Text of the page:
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The obvious fly in the political ointment is that any agreement between May and Corbyn could – would! – trigger a massive revolt in each of their parties. But the temptation must be there to sign up.

For May, a successful deal would abort the EU election and put Farage back in his box. That might give the Tories two or three years under a new leader to focus on domestic politics. For Corbyn – who just lost seats in core areas the English local elections – a deal might heal the Brexit divide among Labour voters. It would also undermine future Tory attempts to present Corbyn as ineffectual if they had negotiated a deal with him.

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That’s the theory. But the practice is far more difficult to achieve. For starters, there are those in the parliamentary Tory Party who are already thinking the unthinkable and preparing to kill off the Conservative brand in favour of a more youthful, populist and libertarian replacement.

In truth, the traditional Conservative political bloc has been eroding for decades. Conservative votes come mainly from the over-60s and rural areas (as in Scotland).

Even if enough Tory MPs were to support a May-Corbyn deal in the short run, it really would signal the end of the party. Farage would cry treason while the Tories ripped themselves apart in any subsequent leadership election. The only reason I can see for Change UK existing is to provide a bolthole for the centrist remnants of the Conservative Party after this explosion.

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As for Labour, remember that Corbyn’s main base among the membership is the Momentum group, with more than 40,000 youthful supporters. But Momentum are unswervingly in favour of a second EU referendum – as are the centrist Labour MPs who make up the majority of the parliamentary party.

I frankly doubt if Corbyn could get enough of his MPs to vote with May if there is no confirmatory referendum attached to the deal. Assuming he could deliver enough backbench votes to ensure Brexit, that would trigger the flight of middle-class Labour supporters to the Greens, LibDems and Change UK. Ergo, no Corbyn government.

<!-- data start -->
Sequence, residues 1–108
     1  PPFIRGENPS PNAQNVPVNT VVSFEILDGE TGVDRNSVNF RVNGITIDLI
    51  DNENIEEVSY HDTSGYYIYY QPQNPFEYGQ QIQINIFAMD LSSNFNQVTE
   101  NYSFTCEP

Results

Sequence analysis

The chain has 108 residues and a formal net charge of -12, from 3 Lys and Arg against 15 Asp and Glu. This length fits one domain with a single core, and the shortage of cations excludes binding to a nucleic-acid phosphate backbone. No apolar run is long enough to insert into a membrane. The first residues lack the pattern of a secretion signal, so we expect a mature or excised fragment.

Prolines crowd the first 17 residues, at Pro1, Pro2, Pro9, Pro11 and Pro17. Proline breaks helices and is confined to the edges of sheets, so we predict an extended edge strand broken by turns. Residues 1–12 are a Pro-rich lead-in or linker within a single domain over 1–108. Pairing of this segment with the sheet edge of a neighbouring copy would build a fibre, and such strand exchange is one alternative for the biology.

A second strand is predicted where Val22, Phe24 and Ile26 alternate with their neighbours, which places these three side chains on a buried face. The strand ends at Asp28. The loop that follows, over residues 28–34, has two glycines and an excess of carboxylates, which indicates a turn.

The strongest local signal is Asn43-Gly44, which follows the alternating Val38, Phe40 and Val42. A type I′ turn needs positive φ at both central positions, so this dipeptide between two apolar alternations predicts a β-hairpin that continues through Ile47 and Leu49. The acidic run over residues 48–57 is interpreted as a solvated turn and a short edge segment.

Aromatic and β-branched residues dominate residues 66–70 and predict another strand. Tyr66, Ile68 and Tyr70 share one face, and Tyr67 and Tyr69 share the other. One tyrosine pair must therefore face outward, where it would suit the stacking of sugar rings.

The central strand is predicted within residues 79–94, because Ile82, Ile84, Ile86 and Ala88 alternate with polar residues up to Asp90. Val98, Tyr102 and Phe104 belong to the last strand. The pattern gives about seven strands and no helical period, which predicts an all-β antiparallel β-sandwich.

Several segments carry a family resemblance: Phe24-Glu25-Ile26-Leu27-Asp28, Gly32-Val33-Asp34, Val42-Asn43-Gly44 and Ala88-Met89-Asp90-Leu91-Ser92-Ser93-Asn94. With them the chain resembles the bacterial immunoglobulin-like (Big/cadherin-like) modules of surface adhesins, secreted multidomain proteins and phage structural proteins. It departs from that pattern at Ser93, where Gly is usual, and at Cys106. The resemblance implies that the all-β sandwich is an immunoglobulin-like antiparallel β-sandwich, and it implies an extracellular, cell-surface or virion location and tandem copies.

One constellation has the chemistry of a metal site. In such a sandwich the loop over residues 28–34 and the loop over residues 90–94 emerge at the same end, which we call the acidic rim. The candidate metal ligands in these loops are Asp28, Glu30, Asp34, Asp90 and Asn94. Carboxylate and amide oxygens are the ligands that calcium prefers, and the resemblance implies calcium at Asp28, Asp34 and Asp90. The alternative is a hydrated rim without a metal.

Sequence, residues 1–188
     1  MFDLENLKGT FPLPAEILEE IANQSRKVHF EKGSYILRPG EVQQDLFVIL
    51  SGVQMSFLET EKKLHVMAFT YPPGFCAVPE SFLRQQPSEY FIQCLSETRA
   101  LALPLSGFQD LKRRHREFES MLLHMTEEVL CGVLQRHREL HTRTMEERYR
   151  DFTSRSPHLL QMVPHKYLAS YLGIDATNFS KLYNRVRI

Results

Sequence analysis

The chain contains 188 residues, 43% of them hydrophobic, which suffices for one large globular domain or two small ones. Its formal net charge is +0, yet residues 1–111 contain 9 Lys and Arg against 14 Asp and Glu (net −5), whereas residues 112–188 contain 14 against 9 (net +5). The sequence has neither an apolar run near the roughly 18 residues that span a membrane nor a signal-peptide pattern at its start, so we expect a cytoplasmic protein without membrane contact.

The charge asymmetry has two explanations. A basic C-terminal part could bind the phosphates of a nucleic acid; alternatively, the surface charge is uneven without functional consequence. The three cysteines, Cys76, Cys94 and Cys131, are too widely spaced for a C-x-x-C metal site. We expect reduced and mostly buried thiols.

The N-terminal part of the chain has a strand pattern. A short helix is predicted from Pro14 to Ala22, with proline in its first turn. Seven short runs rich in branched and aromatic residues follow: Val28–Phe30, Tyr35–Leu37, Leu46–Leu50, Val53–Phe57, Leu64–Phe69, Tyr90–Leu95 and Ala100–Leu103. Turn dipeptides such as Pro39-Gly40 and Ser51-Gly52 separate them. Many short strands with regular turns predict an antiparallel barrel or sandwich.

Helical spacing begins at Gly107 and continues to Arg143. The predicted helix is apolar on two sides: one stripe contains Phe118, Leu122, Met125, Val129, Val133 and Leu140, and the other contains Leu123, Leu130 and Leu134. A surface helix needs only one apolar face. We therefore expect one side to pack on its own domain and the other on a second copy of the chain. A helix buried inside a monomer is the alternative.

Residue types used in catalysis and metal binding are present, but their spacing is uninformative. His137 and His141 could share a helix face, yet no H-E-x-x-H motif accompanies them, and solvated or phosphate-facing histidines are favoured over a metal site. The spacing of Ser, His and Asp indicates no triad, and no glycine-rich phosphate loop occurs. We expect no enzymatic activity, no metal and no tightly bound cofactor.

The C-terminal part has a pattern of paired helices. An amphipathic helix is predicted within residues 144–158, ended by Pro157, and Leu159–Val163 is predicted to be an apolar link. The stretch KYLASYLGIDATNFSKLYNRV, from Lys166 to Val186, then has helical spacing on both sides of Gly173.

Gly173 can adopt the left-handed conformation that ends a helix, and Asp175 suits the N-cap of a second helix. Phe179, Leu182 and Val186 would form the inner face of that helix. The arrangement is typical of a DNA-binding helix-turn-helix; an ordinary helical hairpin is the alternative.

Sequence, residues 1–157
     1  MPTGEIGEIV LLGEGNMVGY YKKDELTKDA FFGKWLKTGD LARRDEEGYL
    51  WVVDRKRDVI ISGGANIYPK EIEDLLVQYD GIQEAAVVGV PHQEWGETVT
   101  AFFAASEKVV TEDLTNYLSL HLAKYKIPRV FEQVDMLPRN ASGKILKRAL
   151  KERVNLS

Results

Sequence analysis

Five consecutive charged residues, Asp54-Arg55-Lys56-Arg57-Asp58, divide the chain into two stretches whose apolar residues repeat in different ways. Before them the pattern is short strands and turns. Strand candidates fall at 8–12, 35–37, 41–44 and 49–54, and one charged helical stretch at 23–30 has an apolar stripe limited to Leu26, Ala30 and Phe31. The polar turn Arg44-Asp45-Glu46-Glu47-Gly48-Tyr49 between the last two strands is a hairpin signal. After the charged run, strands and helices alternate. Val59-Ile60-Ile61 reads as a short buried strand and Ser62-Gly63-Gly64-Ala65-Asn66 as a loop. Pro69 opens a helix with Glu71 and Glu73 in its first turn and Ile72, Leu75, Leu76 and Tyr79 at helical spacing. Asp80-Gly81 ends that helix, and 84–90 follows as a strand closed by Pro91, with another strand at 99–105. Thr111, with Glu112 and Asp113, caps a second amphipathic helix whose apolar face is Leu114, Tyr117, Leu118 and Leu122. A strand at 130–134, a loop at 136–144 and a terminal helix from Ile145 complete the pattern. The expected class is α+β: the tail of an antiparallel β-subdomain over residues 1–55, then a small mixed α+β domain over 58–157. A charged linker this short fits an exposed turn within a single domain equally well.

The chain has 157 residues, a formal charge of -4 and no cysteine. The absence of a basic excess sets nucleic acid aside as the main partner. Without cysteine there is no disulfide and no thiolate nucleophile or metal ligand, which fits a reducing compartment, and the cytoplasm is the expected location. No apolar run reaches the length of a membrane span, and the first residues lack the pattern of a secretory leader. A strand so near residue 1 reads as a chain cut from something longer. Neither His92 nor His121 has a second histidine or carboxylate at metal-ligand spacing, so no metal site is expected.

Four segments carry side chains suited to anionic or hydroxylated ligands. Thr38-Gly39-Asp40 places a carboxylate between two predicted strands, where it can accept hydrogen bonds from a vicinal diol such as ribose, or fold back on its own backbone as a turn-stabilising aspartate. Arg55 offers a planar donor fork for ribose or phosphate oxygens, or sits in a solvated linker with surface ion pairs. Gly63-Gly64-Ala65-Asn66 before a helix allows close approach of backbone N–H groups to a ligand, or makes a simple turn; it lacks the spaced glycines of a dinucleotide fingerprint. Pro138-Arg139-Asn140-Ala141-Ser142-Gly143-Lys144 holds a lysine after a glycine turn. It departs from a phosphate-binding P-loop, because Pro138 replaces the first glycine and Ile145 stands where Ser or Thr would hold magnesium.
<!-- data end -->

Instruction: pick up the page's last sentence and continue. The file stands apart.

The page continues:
In Scotland, these shenanigans will have catastrophic repercussions for the main Unionist parties. But it will by no means guarantee independence.

Watching Ruth Davidson and Richard Leonard justify a common front on Brexit would be fun, I agree. But in this moment of existential crisis for the UK political system, it is vital the Yes movement understands that Scottish independence won’t just fall into our open hands.

At the start of the 20th century, the British ruling class and its institutions were engulfed by a similar crisis. The country was rocked by a massive, anti-austerity strike wave; the Suffragettes were fighting for the vote; and the main political parties were divided over trade protection. Yet the one thing that united the ruling elite was denying Ireland Home Rule – to the point of resisting it with armed rebellion led by Edward Carson, who subsequently became Attorney-General in the British Cabinet.

With their system in deep trouble, the Unionist parties – old and new – will be more resistant to granting a second Scottish independence referendum. To let Scotland go – as it surely would if there was a referendum – is also to hazard losing Northern Ireland.

The British ruling class can stagger through a political crisis, but it dare not risk a collapse of the state itself. Which is why I think it will not be as easy as some in the SNP leadership think to persuade any of the London parties to agree another Scottish referendum within the next two years.

What then? The Suffragettes had an answer for that.